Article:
One week to go, but President Obama remains confident U.S. politicians will beat the deadline to raise the debt ceiling, writes The Motley Fool. Our call for more optimism in this world has seemingly fallen on deaf ears. “US debt impasse spooks markets,” says the Financial Times. “Calamity looms as Congress quibbles,” warns The Age. “US impasse triggers sea of red,” screams The Australian Financial Review. All that was before President Barack Obama’s address to the American people. He didn’t necessarily help things, saying if the U.S. debt ceiling was not raised, “We would risk sparking a deep economic…
To keep reading, enter your email address or login below.
One week to go, but President Obama remains confident U.S. politicians will beat the deadline to raise the debt ceiling, writes The Motley Fool.
Our call for more optimism in this world has seemingly fallen on deaf ears.
“US debt impasse spooks markets,” says the Financial Times.
“Calamity looms as Congress quibbles,” warns The Age.
“US impasse triggers sea of red,” screams The Australian Financial Review.
All that was before President Barack Obama’s address to the American people.
He didn’t necessarily help things, saying if the U.S. debt ceiling was not raised, “We would risk sparking a deep economic crisis – one caused almost entirely by Washington.”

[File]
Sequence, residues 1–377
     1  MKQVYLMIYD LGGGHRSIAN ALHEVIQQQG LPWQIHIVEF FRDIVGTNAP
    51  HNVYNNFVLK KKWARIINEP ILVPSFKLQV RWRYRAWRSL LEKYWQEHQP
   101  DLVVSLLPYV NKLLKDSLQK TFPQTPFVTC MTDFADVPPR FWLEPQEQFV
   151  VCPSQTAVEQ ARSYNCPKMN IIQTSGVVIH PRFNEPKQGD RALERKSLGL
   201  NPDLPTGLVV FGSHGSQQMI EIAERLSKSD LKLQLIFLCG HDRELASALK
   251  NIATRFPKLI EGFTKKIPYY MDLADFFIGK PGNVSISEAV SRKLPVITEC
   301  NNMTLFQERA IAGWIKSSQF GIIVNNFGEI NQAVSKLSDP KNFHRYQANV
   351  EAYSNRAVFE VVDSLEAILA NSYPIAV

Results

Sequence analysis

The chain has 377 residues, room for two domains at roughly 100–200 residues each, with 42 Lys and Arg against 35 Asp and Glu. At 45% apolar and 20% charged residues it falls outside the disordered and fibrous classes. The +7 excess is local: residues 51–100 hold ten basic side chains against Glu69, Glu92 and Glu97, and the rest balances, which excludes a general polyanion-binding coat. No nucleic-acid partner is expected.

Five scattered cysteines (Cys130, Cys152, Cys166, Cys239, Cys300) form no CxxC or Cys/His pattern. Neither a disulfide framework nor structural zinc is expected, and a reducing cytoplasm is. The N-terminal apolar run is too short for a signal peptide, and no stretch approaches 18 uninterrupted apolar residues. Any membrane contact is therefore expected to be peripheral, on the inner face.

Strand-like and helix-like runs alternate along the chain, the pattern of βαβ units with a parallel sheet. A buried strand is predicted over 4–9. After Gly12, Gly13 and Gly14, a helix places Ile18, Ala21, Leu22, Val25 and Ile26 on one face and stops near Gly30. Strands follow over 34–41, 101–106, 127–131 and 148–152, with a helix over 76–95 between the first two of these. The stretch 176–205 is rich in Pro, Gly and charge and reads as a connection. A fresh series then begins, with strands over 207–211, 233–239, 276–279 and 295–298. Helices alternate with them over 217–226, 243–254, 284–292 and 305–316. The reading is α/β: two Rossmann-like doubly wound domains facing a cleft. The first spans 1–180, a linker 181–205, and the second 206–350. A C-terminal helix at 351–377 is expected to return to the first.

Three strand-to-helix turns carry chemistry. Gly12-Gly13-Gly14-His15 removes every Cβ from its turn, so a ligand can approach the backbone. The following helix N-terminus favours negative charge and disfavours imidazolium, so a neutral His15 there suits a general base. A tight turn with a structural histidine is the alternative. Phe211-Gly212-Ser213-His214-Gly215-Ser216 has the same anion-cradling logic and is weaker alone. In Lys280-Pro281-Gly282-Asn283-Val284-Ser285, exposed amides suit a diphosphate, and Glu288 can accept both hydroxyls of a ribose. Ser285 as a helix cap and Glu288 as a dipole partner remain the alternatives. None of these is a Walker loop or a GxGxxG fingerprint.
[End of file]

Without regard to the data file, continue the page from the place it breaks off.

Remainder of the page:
He implored the American people to “seize this moment” and to make their voices heard, saying “If you want a balanced approach to reducing the deficit, let your Member of Congress know. If you believe we can solve this problem through compromise, send that message.”
Problem solved then, hey? Politicians. Can’t live with them, wish you could live with out them.
Meanwhile, back in the real world, gold soared higher again, hitting $1,622 an ounce during London trading.
The gold bugs are loving it. For them, the more doom and gloom the better. You’ll see them dancing in the streets if the U.S. actually does default on its debt come August 2nd, just one week from now.
Read our lips
Regardless of Obama’s plea to the American people, the U.S. will simply not default on its debt.
Sometime before August 2nd, we predict American politicians will doff their baseball caps, put their hand on their heart, give us a rousing rendition of the Star-Spangled Banner, and unequivocally declare the United States of America the greatest country on earth.
They’ll then go ahead and raise the debt ceiling, saying their word is their bond, they never intended to, and never will default on their debt obligations, and as is printed on all American banknotes, “In God We Trust.”
Picking yesterday’s winners
The only slight stick in the ointment is tackling that rather large looking $14.3 trillion – and soon to rise – debt, a point not lost on gold bugs, pessimists, some U.S. politicians and ratings agencies.
But that soon, once again, will become tomorrow’s problem. Kick that can down the road…
Speaking of ratings agencies, S&P has already said raising the $14.3 trillion debt ceiling by the deadline, and thus avoiding a potential default, is not enough to avoid a debt downgrade for the U.S.